As promised last week – a post about my favourite thoughts (so far!) from On Writing Well.

I first came upon William Zinsser during university.

I studied Professional Writing, and took classes about copywriting, news writing, and writing feature articles, as well as classes on memoir writing, speech writing and writing plays.

One of my professors assigned some reading from On Writing Well. I enjoyed it, but didn’t think a lot of it.

When I finished my degree, moved home, and started working, I realized I wanted to write more than just a few newsletter tidbits and tweets. So to inspire myself, I started reading On Writing Well from the beginning.

Very, very quickly I realized I couldn’t just read that book.

I had to mark it up as I went.

Just like when I was a student, I read with pencil in hand. I underlined. I circled. I starred. I even wrote some notes in the margins and in my notebook that I try to always carry with me.

I don’t know about you, but sitting in a coffee shop with a cup of tea, an engaging book, and a pencil is one of my favourite places to be. (*insert date night suggestion to my husband here*)

I carried On Writing Well around for months.

I still haven’t finished it.

I had to mull things over, and then I had to take a break and read some fiction, and then I was a little afraid to go back to it.

It’s a challenging book.

Inspiring, yes.

But also gut-twisting.

I feel like Zinsser is calling me out on things. Telling me I need to do better. I need to procrastinate less. I need to motivate myself to do more. I am capable of more than I am currently doing.

I will finish On Writing Well one day.

Here are some passages from On Writing Well that I quite like (prepare yourself…I got a little carried away…):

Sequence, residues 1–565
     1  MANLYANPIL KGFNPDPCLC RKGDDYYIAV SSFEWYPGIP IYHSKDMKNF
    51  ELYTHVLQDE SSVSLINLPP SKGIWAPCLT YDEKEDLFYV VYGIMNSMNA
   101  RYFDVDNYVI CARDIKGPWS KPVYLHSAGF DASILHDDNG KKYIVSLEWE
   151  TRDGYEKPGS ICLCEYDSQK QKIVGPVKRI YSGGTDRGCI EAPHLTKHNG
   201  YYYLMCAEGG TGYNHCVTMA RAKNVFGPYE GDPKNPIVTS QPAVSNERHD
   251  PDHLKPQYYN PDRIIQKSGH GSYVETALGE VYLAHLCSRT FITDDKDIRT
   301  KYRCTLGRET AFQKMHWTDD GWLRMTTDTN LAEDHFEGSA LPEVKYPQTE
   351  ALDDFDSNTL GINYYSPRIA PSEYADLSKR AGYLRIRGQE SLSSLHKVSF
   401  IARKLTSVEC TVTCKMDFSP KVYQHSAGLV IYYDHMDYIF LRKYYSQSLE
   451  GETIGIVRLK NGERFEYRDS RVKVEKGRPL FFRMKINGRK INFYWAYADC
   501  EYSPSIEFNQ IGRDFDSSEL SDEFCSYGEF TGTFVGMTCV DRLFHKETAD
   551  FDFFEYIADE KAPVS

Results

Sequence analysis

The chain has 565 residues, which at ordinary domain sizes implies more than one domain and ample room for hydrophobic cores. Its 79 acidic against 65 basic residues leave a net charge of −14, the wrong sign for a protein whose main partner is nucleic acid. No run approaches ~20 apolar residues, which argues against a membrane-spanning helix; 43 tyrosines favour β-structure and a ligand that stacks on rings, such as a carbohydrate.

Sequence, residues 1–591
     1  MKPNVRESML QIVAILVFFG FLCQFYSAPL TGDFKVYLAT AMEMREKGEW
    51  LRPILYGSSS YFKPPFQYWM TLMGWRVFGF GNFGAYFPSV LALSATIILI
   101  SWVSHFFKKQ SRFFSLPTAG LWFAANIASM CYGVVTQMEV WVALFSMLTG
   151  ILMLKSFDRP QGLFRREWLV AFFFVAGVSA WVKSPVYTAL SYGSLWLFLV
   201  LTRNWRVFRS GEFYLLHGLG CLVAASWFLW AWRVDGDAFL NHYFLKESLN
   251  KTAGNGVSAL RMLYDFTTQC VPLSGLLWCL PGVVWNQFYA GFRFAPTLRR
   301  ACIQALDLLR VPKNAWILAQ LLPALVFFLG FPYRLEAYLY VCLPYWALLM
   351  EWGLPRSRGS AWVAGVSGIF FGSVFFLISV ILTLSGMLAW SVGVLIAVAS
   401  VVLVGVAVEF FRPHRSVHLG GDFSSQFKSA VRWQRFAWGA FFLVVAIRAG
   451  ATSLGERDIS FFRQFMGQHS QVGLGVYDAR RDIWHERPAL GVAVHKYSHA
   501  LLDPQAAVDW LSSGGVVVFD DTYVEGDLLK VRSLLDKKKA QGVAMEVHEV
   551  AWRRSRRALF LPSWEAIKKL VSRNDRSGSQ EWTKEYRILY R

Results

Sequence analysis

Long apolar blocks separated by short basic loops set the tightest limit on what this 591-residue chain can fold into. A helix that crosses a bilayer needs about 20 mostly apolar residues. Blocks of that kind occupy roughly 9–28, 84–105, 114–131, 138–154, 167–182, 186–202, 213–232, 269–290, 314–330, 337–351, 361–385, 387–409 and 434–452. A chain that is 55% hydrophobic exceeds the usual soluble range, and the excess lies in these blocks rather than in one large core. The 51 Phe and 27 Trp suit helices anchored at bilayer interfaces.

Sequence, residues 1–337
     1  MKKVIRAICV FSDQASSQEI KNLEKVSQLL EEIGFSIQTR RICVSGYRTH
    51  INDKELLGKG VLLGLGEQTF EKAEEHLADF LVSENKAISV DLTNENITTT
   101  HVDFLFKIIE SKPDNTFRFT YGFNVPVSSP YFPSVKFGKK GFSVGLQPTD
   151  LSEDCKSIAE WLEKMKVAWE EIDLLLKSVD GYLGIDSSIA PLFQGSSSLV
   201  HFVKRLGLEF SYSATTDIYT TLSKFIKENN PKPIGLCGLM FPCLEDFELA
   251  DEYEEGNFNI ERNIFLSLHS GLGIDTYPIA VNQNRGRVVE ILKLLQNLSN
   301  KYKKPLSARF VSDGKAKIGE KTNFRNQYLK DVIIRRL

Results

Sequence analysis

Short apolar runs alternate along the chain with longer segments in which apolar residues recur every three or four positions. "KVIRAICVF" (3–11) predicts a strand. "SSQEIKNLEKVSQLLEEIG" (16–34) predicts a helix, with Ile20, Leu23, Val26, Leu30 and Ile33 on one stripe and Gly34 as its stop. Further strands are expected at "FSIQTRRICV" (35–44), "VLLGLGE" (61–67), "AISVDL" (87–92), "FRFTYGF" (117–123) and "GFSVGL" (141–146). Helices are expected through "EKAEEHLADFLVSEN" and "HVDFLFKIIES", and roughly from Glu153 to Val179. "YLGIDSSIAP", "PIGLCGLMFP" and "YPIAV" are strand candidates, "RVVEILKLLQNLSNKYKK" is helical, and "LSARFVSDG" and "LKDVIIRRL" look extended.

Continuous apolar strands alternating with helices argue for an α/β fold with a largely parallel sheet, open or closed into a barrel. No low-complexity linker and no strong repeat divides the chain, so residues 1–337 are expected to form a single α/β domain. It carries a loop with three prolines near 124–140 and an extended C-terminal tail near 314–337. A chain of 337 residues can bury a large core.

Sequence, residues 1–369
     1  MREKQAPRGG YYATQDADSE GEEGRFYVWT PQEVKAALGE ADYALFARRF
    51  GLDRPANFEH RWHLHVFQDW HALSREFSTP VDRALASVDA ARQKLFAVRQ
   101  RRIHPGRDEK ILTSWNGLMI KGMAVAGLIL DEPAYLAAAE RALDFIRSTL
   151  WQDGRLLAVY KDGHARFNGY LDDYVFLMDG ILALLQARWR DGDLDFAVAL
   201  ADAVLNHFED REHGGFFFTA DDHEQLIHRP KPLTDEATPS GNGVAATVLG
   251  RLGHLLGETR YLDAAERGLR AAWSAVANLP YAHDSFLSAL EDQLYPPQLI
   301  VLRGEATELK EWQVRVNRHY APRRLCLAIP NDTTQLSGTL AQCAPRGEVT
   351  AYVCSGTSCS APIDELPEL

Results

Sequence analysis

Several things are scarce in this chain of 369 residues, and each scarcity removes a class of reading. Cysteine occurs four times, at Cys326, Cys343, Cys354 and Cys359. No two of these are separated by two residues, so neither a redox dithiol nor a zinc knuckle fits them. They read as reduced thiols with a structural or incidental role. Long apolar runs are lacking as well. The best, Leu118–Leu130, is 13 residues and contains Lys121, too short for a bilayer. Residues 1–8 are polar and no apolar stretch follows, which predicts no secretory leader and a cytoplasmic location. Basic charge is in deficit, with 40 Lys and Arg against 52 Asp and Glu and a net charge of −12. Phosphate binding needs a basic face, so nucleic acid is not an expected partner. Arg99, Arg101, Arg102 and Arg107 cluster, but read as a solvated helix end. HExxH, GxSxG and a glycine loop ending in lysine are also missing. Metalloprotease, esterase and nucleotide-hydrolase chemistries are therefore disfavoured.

“The essence of writing is rewriting.”

“Clutter is the disease of American writing…. Our national tendency is to inflate and thereby sound important…. But the secret of good writing is to strip every sentence to its cleanest components.”

“A clear sentence is no accident. Very few sentences come out right the first time, or even the third time. Remember this in moments of despair. If you find that writing is hard, it’s because it is hard.”

“Clutter is the enemy…”

“Few people realize how badly they write. Nobody has shown them how much excess or murkiness has crept into their style and how it obstructs what they are trying to say.”

“Be yourself…”

“Writing is an intimate transaction between two people, conducted on paper, and it will go well to the extent that it retains its humanity.”

“Believe in your own identity and your own opinions.”

“Every writing project must be reduced before you start to write.”

“Don’t become the prisoner of a preconceived plan.”

“Who am I writing for?…. You are writing for yourself.”

“You learn to write by writing…. The only way to learn to write is to force yourself to produce a certain number of words on a regular basis.”

“Good writing is lean and confident…”

“Scissors and paste–or their equivalent on a computer–are honourable writers’ tools.”

“Make the reader smile and you’ve got him for at least one more paragraph.”

“Narrative is the oldest and most compelling method of holding someone’s attention…”

“Every writer is starting from a different point and bound for a different destination.”

“Tell them in words that come naturally…”

“Every writer is starting from a different point and bound for a different destination.”

“I write entirely by ear and read everything aloud before letting it go out into the world.”

“Writing is visual…”

What are your favourite writing quotes?

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